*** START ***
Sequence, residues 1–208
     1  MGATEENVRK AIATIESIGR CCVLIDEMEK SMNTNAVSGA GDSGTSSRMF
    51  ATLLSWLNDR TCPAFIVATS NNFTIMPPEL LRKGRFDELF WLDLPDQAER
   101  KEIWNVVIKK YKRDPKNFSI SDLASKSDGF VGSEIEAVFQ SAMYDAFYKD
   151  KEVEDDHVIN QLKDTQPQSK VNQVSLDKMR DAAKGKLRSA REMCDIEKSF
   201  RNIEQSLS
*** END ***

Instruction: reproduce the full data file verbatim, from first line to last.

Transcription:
Sequence, residues 1–208
     1  MGATEENVRK AIATIESIGR CCVLIDEMEK SMNTNAVSGA GDSGTSSRMF
    51  ATLLSWLNDR TCPAFIVATS NNFTIMPPEL LRKGRFDELF WLDLPDQAER
   101  KEIWNVVIKK YKRDPKNFSI SDLASKSDGF VGSEIEAVFQ SAMYDAFYKD
   151  KEVEDDHVIN QLKDTQPQSK VNQVSLDKMR DAAKGKLRSA REMCDIEKSF
   201  RNIEQSLS